U.S. Secretary of State Condoleezza Rice opened a four-nation European trip Tuesday, meeting with her German counterpart amid questions of whether the U.S. keeps terrorist suspects in secret prisons that violate European legal and human rights guarantees. Rice and German Foreign Minister Frank-Walter Steinmeier shook hands for the cameras after a short meeting but made no statements. Rice was to meet later in the day with new Chancellor Angela Merkel.
Merkel's government is largely seen as more pro-U.S. than the previous regime of Gerhard Schroeder, but the visit has been overshadowed by allegations that the CIA held terror suspects at secret jails in Europe and transported prisoners on flights that made stops in the region.
European governments have expressed outrage over reports of the jails where prisoners may have been harshly treated.
Before she left Washington, Rice said the United States does not practice torture or knowingly transport any prisoner to a place "where he or she will be tortured." Merkel's spokesman said the chancellor would talk with Rice about the issue.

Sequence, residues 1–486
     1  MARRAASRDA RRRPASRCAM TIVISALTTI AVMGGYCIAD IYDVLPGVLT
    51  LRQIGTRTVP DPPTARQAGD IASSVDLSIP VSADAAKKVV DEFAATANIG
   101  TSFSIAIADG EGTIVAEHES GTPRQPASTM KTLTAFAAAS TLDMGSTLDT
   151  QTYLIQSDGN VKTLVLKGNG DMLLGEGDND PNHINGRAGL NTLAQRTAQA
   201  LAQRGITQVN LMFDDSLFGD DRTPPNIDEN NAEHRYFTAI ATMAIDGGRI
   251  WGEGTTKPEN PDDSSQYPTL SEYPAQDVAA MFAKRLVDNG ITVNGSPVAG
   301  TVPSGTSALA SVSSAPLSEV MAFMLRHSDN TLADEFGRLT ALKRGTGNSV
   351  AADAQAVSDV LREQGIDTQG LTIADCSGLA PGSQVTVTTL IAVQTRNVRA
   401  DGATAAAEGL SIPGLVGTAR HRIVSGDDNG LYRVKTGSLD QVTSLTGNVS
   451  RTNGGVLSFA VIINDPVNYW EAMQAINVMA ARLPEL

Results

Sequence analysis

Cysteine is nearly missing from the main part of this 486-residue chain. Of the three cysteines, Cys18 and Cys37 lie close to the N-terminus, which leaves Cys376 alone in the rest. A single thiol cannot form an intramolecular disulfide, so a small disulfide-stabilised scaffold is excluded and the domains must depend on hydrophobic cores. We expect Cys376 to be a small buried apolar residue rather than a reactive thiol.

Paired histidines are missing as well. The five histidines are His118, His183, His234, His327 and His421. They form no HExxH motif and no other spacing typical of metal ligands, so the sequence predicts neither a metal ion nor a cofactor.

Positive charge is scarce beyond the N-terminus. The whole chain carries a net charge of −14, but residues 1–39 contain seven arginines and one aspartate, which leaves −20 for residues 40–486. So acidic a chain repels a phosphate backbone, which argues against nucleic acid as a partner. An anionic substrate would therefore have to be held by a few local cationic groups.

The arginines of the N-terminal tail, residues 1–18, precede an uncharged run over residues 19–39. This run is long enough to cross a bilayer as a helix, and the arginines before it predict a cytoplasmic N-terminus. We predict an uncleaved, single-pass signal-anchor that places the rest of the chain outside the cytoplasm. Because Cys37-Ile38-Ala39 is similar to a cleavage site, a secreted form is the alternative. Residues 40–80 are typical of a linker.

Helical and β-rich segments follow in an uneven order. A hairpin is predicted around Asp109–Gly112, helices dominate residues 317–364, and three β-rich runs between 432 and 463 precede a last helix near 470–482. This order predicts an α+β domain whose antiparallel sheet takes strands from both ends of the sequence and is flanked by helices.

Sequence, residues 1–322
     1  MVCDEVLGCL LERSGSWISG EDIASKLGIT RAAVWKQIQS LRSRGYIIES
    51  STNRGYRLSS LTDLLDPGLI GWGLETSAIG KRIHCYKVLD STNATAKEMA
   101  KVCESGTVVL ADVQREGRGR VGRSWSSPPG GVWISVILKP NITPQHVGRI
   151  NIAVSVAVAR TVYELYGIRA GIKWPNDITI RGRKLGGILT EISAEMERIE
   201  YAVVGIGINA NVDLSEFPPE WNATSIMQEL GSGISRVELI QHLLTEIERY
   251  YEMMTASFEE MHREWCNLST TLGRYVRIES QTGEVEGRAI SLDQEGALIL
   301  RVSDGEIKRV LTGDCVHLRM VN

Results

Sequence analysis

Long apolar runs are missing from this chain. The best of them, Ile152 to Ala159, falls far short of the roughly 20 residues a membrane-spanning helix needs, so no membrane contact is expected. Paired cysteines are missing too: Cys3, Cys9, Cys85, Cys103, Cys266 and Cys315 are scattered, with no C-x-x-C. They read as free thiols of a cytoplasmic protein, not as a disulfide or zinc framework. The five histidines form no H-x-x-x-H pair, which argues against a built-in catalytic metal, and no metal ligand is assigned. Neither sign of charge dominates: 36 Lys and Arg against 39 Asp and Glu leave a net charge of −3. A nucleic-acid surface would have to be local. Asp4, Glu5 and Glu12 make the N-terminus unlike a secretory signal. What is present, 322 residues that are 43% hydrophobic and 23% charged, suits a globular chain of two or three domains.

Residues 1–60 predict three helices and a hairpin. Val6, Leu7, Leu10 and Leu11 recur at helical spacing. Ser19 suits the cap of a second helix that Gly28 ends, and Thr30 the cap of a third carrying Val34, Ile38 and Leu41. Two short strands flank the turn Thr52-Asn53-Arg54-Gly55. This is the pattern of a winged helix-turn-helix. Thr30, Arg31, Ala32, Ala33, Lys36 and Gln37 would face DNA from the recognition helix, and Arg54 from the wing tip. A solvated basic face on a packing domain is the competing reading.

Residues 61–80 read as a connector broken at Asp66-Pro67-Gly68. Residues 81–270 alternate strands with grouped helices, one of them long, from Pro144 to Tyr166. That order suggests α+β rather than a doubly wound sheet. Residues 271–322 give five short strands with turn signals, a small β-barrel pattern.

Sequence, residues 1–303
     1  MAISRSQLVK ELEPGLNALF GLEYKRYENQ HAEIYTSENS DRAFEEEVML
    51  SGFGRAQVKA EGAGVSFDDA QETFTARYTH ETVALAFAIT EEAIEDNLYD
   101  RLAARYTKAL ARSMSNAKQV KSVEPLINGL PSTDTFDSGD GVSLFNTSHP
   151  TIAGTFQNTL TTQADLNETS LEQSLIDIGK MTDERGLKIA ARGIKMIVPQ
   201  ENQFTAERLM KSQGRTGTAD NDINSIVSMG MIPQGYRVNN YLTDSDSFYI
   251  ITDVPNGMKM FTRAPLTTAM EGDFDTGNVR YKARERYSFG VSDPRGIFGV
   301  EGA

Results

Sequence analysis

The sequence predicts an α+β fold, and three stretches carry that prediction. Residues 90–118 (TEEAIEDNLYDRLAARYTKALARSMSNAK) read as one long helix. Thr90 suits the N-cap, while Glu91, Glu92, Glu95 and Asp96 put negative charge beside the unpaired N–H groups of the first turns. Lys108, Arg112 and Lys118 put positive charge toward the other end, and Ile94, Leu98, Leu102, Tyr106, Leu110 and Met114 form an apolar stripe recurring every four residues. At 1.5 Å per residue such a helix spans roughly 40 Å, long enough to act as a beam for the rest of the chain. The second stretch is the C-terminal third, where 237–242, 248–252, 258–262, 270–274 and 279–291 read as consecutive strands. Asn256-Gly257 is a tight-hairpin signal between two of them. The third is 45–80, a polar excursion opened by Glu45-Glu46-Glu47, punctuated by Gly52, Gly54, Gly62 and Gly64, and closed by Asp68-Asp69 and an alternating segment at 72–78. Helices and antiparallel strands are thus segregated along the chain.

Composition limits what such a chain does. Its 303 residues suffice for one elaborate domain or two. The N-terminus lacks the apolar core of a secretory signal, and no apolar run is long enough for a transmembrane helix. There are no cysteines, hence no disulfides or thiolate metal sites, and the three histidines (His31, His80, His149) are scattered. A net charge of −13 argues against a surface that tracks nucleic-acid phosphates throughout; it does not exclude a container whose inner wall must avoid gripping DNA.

There are also questions in Germany about whether Washington informed the previous Berlin government that undercover U.S. operatives had mistakenly detained a German citizen.
Rice's trip to Germany, Romania, Ukraine and Belgium is meant to build on generally improved relations between Europe and the United States after strains over Iraq. The war remains widely unpopular in Europe, as does U.S. President George W. Bush, reports the AP. I.L.
Not only discrimination but also the culture of violence is deep-rooted in the United States. Fed by the elites, racial differences become social inequality